already been under way for more than a year in Phoenix AZ, Dallas TX, Baltimore MD and Raleigh NC. One likely implementation of ATSC 3.0 in the home would be a combination receiver/decoder and 802.11ax Wi-Fi router, using smart TV and mobile apps to watch a given channel (or channels). The Wi-Fi network, not an antenna connected to your TV, now becomes the primar y form of signal distribution. The compression efficiencies in the H.265 codec used in version 3.0 will expand the number of video program streams each station can broadcast, and it will even accommodate 4K video. What didn’t I see in Vegas? There wasn’t much in the way of virtual reality (VR) and augmented reality (AR) hardware to check out. VR and AR are still, to me, largely solutions looking for

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problems; their focus seems to be shifting more to consumer technology shows. As recently as two years ago, there was an enormous VR/AR exhibit area in the North Hall. This year, only a handful of companies were showing VR cameras across all the halls. The same held true for drone manufacturers, as the South and Central Halls were surprisingly free of “buzzing” and protective netting. (Where’d they all go?) Even the action camera brands like GoPro had smaller and much more subdued booths, free of flashy LED screens, loud music and crowds. By contrast, so-called “international” technology showcase booths from Europe and Asia occupied more space this year than before, especially booths representing manufacturers from South Korea and China. (Shades of CES!) Definitely not your father’s NAB!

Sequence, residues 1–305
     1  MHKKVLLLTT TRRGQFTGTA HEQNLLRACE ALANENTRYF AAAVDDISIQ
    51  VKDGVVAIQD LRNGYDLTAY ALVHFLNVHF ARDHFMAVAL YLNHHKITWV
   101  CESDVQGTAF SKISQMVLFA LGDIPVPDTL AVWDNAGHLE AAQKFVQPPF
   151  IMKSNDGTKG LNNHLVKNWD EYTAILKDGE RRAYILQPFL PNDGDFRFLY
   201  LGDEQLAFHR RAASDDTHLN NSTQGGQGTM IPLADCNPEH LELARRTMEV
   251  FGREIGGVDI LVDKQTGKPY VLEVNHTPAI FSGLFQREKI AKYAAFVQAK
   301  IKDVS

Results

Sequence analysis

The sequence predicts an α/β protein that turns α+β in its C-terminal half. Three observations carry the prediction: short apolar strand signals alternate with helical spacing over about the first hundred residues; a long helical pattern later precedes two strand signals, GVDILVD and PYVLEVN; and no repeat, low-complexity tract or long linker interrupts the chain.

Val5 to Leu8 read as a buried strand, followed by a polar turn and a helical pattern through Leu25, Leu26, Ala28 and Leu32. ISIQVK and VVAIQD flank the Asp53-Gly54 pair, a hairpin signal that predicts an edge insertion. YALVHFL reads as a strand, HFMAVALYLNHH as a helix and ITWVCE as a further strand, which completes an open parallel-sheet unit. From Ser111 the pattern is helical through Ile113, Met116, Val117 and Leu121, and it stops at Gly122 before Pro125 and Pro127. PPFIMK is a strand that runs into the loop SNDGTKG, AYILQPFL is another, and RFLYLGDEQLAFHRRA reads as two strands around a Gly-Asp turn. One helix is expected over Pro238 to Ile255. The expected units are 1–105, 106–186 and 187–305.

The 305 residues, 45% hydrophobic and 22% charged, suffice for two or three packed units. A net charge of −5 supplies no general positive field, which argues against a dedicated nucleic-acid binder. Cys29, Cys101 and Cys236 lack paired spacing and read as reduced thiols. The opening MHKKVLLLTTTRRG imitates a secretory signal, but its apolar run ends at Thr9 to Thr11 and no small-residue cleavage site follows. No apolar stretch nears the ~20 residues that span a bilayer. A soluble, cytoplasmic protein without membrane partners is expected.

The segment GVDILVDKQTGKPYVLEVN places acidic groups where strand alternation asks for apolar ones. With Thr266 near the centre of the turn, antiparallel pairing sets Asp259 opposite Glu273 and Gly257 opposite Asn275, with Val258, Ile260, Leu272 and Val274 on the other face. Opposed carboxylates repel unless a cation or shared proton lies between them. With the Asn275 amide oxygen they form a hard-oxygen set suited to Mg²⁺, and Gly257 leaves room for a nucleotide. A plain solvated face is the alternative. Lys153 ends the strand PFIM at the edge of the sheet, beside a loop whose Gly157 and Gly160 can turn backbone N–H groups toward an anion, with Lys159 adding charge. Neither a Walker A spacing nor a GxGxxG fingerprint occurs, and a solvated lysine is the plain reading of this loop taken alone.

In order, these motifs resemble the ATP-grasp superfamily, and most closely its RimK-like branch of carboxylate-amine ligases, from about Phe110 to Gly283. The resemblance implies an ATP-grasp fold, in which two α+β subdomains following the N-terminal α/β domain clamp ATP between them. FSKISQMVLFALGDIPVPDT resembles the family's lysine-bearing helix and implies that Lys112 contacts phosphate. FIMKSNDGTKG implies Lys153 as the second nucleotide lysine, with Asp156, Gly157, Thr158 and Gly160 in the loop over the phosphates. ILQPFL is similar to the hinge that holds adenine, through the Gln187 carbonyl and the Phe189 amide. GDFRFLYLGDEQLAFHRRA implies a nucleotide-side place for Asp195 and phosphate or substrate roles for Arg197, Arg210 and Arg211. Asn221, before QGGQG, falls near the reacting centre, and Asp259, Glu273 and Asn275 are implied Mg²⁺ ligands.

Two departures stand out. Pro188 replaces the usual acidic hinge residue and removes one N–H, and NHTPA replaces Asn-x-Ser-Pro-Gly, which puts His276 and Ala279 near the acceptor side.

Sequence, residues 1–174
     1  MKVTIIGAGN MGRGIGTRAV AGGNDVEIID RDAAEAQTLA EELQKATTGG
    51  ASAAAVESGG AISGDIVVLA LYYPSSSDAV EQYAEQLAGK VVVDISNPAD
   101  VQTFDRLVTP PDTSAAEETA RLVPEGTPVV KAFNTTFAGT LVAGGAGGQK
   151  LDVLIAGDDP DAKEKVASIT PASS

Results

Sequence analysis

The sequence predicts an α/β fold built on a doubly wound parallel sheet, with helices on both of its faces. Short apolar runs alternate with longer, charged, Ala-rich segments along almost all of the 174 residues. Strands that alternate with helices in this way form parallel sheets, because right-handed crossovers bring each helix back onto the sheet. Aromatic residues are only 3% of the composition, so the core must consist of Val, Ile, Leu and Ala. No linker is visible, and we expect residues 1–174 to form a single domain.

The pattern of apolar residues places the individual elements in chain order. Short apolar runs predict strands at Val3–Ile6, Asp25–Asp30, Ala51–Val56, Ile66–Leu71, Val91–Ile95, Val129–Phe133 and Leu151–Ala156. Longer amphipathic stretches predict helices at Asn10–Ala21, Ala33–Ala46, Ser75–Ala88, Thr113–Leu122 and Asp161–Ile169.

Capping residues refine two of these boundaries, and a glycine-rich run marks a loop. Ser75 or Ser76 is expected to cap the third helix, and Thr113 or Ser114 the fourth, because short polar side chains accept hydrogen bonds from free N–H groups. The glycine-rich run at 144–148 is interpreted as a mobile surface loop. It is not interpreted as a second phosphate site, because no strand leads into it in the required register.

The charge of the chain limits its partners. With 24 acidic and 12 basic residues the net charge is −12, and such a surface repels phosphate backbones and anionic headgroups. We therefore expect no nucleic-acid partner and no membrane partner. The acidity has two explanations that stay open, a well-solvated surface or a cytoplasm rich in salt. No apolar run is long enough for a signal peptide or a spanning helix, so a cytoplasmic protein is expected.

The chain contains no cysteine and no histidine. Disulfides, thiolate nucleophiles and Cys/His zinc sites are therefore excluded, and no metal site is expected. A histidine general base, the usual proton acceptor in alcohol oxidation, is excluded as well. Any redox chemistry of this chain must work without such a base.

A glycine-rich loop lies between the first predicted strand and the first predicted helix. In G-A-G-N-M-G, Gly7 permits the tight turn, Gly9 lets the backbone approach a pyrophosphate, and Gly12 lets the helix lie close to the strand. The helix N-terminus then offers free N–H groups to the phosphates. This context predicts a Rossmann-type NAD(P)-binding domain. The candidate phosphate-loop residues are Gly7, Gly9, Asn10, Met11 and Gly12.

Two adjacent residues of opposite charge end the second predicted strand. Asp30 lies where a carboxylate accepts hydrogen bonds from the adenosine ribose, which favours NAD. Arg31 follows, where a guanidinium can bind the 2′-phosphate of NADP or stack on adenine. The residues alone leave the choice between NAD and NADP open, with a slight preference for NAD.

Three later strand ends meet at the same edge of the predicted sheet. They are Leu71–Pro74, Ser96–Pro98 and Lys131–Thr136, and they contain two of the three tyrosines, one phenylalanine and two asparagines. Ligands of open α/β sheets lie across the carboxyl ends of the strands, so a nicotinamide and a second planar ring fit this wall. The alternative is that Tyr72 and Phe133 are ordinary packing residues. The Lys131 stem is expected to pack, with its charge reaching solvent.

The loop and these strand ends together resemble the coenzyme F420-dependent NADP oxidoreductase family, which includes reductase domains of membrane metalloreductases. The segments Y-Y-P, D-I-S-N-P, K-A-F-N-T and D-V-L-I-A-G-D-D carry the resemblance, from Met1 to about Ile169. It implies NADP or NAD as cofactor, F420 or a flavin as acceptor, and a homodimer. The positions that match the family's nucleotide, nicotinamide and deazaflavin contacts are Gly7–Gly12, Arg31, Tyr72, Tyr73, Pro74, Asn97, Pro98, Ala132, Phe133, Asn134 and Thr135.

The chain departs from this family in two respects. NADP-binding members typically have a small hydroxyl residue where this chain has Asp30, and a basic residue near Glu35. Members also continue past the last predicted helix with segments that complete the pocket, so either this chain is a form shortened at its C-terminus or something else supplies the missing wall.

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• InfoComm New Product Spotlight: Our annual comprehensive showcase of breaking product debuts for the upcoming show. Denver • Austin •spaces Houston • Dallas • Contemporary corporate presentation are pulling new• Phoenix AV dynamics from a number of other verticals, including hospitality look •atLas those trends, through the Oklahoma City • and Sanbroadcast. Antonio We • Tulsa Vegas lens of recent projects Atlanta such as the newly remodeled auditorium • Blackwood, NJ •240-seat Washington, DC at agribusiness Cargill’s headquarters in Minneapolis and The LOT, a boutique theater whose most recent iteration is in the 300,000-square-foot City Center Bishop Ranch, in San Ramon, CA. • University of Northern Colorado campus commons: A report on their upgraded multi-use auditorium. • Immersing in the Invisible: Balancing art and technology in Broadway sound design. • IoT: Is this the beginning of the end for purpose-built collaboration devices? • Managing Dynamic AV Market Changes: The AV integrator today is challenged to internalize this dynamism and deliver systems that are high-performing, effective, secure, scalable and, to some degree, versatile. • Differentiating With Engaging Digital Signage Technologies: From Bluetooth beaconing to touchscreens, digital signage technology is no longer just a high-end TV where businesses display ads and information. Because of this, it’s important for companies to weed out the solutions that aren’t up to snuff versus those that will “wow” audiences and set them apart in a noisy landscape.